Data Availability

The datasets generated for this study are available on request to the corresponding author. Some of the supplementary data used in this article named “Supplementary Data Sheet 1” is made available in the website link in Supplementary Material section.

Ethics Statement

This study was carried out in accordance with the recommendations of the “Rutgers University Institutional Review Board and Western Sydney University Human Research Ethics Committee” with written informed consent from all subjects. All subjects gave written informed consent in accordance with the Declaration of Helsinki. The protocol was approved by the “Rutgers University Institutional Review Board and Western Sydney University Human Research Ethics Committee.”

Author Contributions

GN carried out the data analysis and wrote the manuscript. PB, GG, and JS guided the analysis. GN, GG, and PB conceived the experiments and edited the manuscript. GG and PB supervised the study.


This study was supported by the CRCP Grant (PB and GG) and the MARCS Institute’s Publication Grant -2018 (GN).

Conflict of Interest Statement

The authors declare that the research was conducted in the absence of any commercial or financial relationships that could be construed as a potential conflict of interest.


The authors wish to thank the Amateur Rugby players at the Rutgers who volunteered for this study, and the researchers who helped with the data collection.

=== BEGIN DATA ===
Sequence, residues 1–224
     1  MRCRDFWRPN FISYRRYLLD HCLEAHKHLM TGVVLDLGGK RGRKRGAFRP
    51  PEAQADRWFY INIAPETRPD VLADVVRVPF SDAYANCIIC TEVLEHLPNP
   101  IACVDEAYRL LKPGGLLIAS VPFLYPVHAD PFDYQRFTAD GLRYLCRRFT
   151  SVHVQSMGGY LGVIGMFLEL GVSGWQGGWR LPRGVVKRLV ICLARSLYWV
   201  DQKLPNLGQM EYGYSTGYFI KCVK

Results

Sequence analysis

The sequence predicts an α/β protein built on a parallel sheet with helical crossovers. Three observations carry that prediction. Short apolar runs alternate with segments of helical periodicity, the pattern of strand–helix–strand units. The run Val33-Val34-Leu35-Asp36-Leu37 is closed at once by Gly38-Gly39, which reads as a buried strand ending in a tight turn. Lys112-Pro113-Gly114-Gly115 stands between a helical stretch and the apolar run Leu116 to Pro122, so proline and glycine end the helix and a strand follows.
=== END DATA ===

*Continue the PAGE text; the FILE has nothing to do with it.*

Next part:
Supplementary Material

The Supplementary Material for this article can be found online at:


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Keywords: graphical user interface, artifacts, physiological signals, Matlab, feature identification, respiratory rates, Bland–Altman plots

Citation: Naik GR, Gargiulo GD, Serrador JM and Breen PP (2019) Groundtruth: A Matlab GUI for Artifact and Feature Identification in Physiological Signals. Front. Physiol. 10:850. doi: 10.3389/fphys.2019.00850

Received: 04 March 2019; Accepted: 20 June 2019;
Published: 20 August 2019.

Edited by:

Luca Mesin, Polytechnic University of Turin, Italy

Reviewed by:

Guanghao Sun, University of Electro-Communications, Japan
Mohammad Hasan Imam, American International University-Bangladesh, Bangladesh

Copyright © 2019 Naik, Gargiulo, Serrador and Breen. This is an open-access article distributed under the terms of the Creative Commons Attribution License (CC BY). The use, distribution or reproduction in other forums is permitted, provided the original author(s) and the copyright owner(s) are credited and that the original publication in this journal is cited, in accordance with accepted academic practice. No use, distribution or reproduction is permitted which does not comply with these terms.

*Correspondence: Ganesh R. Naik,